Go, child, something in Chindren’s mind seemed to echo. Chindren looked at the bear. Could it have been him? No, her, it was definitely a her. Wait, how did he know that? He could feel her; he could feel the bear! It was unlike anything he had experienced before. This bear was wise—wiser than he had expected any animal could be—and old, and she was trying to help him!

Without another thought he took off. He was relieved, thankful, and frightened out of his wits all at once that he dared not stay another moment. He glanced behind to see the bear facing North, waiting for the dogs. His foot caught on a bramble or root and he almost went over, but luckily managed to turn around and keep his footing. He had completely forgotten about the piece of bread in his hand until he saw it flying through the air in front of him. No time for that now, he thought as he watched it fall into a leafy bush full of little red berries. Something about the berries looked familiar but his mind was on other things and he was too intent on escape to remember what it was… something his Aunt had taught him; that was all he could remember.

As he continued to make his way across land, which had now turned to a wide grassy meadow, he heard the dogs baying again behind him. Then the barking turned to a vicious barking and finally a yelp, then silence. He silently thanked his new friend, but hoped she had only wounded the dog and not killed it, for he knew it was not the dog that was his enemy. Then he heard a sound that made his blood run cold: a gunshot. He wrung his fists in anger as he ran across the field, as he thought of what they must have done to the bear. Tears streamed down his face as he ran, chilling his face in the cool afternoon air.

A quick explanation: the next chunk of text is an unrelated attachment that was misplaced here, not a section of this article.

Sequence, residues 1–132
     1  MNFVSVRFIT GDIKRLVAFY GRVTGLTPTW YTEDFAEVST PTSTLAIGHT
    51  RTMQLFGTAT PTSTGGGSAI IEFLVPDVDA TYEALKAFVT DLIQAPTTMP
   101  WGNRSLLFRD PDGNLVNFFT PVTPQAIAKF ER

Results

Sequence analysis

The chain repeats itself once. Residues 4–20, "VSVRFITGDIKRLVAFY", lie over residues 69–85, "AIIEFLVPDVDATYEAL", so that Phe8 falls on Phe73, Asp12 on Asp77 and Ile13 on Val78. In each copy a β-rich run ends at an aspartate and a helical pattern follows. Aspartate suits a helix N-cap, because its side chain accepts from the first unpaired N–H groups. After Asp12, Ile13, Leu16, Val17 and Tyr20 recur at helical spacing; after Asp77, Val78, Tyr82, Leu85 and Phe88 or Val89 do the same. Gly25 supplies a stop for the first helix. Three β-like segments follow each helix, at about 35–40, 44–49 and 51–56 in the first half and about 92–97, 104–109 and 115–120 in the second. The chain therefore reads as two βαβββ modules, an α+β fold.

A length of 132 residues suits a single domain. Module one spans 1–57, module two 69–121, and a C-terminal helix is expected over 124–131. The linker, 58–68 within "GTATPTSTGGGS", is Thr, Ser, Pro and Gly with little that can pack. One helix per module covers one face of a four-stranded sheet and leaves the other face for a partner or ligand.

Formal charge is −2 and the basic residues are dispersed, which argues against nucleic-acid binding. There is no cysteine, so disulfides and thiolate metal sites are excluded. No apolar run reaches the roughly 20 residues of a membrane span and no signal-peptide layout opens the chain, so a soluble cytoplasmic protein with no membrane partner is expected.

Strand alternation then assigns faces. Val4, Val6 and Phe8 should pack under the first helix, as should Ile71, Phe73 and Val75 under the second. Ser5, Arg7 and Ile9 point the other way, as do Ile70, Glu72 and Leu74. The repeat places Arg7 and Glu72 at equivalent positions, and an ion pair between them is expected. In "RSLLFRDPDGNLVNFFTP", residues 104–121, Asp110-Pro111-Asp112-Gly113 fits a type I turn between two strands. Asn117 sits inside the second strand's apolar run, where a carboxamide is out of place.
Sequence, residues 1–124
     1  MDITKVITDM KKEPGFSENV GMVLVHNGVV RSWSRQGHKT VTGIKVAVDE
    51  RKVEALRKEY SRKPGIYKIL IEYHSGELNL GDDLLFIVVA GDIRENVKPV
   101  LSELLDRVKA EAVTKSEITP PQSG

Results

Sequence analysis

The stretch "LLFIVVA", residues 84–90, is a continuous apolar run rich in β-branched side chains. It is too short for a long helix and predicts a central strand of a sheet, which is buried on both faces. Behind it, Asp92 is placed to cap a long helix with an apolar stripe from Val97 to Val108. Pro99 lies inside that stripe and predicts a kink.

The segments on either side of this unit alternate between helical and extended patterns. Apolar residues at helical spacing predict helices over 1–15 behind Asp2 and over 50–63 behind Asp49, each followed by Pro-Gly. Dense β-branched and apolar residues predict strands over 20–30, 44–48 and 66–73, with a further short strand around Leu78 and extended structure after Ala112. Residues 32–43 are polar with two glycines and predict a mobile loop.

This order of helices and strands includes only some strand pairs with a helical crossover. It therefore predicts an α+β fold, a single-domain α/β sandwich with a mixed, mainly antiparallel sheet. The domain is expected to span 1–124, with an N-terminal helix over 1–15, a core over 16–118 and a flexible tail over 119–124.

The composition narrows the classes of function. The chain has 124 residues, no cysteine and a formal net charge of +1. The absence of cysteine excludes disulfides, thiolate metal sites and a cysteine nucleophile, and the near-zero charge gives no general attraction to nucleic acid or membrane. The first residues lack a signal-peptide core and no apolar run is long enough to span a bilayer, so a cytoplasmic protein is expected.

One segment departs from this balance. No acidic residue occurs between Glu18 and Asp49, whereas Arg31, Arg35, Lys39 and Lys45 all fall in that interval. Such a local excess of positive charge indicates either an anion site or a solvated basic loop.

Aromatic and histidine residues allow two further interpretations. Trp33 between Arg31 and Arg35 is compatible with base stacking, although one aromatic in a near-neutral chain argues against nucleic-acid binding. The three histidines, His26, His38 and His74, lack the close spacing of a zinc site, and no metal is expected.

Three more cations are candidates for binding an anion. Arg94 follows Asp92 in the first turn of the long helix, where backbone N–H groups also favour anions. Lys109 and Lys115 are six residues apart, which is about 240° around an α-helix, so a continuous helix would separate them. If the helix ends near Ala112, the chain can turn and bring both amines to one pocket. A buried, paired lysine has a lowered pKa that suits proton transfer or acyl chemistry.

Why had they brought guns? Surely they had no need for a gun to capture and bring Chindren back to Willowbrook. Unless it was not capturing they intended to do at all. Chindren’s mind raced with the implication, but he could not fathom why anyone would want to kill him. Just as he had no friends among the townspeople, he similarly had no real enemies that he was aware of. He left them alone and they returned the favour.

The thought that these pursuers might be out to harm him had made the blood drain from Chindren’s face. Maybe they were just hunters thinking they’re on the trail of a deer. But surely the dogs would know the difference in scent of a human from a deer, and unless they were the poorest trackers ever, they could surely tell a bootprint from a hoofmark. Something just didn’t add up.

Despite his exhaustion, Chindren now ran in a cold sweat. He no longer ran for his freedom; he ran for his very life. He glanced behind him again and could see movement in the trees on the far side of the clearing, just as he was himself reaching the cover of trees on his side. He jumped over a thornberry bush and nearly lost his footing as he came down a small drop on the other side. They will be upon me any moment now, he thought frantically. Just as he was about to crouch down and hide in the ditch he had so accidentally discovered, he realized there was a faint whooshing sound, as if water falling over rocks. He ran a few more paces, through a think outcropping of trees and out into the open air, high atop a ravine that overlooked a great river, still churning an incredible amount of water despite the lateness of the season. He had made it to the Minnoa.

* * *

The majestic river flowed in a more or less easterly direction toward the deadly falls several miles downstream. Even here, the water was choppy and full of rocks and white water. It was also a hundred or so feet below.